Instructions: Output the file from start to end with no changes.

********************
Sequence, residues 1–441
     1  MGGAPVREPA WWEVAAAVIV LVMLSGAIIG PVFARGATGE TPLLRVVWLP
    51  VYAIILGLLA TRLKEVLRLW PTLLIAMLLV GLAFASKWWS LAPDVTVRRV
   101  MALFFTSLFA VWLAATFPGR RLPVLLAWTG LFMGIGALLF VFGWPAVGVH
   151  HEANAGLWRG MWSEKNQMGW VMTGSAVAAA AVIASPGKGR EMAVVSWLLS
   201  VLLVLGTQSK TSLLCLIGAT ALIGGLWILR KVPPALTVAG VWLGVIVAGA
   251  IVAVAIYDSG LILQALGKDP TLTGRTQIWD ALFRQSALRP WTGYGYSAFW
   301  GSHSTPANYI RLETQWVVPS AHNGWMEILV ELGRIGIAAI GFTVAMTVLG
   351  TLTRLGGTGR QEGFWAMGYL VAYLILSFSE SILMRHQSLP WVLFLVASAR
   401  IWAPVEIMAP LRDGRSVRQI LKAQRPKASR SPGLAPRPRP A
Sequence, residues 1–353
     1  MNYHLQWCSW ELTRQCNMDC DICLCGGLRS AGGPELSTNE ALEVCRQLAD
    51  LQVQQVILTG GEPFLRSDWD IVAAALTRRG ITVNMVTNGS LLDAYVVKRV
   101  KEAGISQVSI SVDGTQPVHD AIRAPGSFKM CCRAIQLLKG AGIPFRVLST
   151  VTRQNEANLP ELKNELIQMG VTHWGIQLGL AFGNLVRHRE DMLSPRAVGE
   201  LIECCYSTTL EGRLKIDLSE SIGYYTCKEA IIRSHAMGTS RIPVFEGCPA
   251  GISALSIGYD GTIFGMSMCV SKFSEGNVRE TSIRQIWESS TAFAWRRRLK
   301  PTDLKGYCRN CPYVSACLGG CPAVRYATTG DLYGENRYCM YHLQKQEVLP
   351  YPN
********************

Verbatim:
Sequence, residues 1–441
     1  MGGAPVREPA WWEVAAAVIV LVMLSGAIIG PVFARGATGE TPLLRVVWLP
    51  VYAIILGLLA TRLKEVLRLW PTLLIAMLLV GLAFASKWWS LAPDVTVRRV
   101  MALFFTSLFA VWLAATFPGR RLPVLLAWTG LFMGIGALLF VFGWPAVGVH
   151  HEANAGLWRG MWSEKNQMGW VMTGSAVAAA AVIASPGKGR EMAVVSWLLS
   201  VLLVLGTQSK TSLLCLIGAT ALIGGLWILR KVPPALTVAG VWLGVIVAGA
   251  IVAVAIYDSG LILQALGKDP TLTGRTQIWD ALFRQSALRP WTGYGYSAFW
   301  GSHSTPANYI RLETQWVVPS AHNGWMEILV ELGRIGIAAI GFTVAMTVLG
   351  TLTRLGGTGR QEGFWAMGYL VAYLILSFSE SILMRHQSLP WVLFLVASAR
   401  IWAPVEIMAP LRDGRSVRQI LKAQRPKASR SPGLAPRPRP A
Sequence, residues 1–353
     1  MNYHLQWCSW ELTRQCNMDC DICLCGGLRS AGGPELSTNE ALEVCRQLAD
    51  LQVQQVILTG GEPFLRSDWD IVAAALTRRG ITVNMVTNGS LLDAYVVKRV
   101  KEAGISQVSI SVDGTQPVHD AIRAPGSFKM CCRAIQLLKG AGIPFRVLST
   151  VTRQNEANLP ELKNELIQMG VTHWGIQLGL AFGNLVRHRE DMLSPRAVGE
   201  LIECCYSTTL EGRLKIDLSE SIGYYTCKEA IIRSHAMGTS RIPVFEGCPA
   251  GISALSIGYD GTIFGMSMCV SKFSEGNVRE TSIRQIWESS TAFAWRRRLK
   301  PTDLKGYCRN CPYVSACLGG CPAVRYATTG DLYGENRYCM YHLQKQEVLP
   351  YPN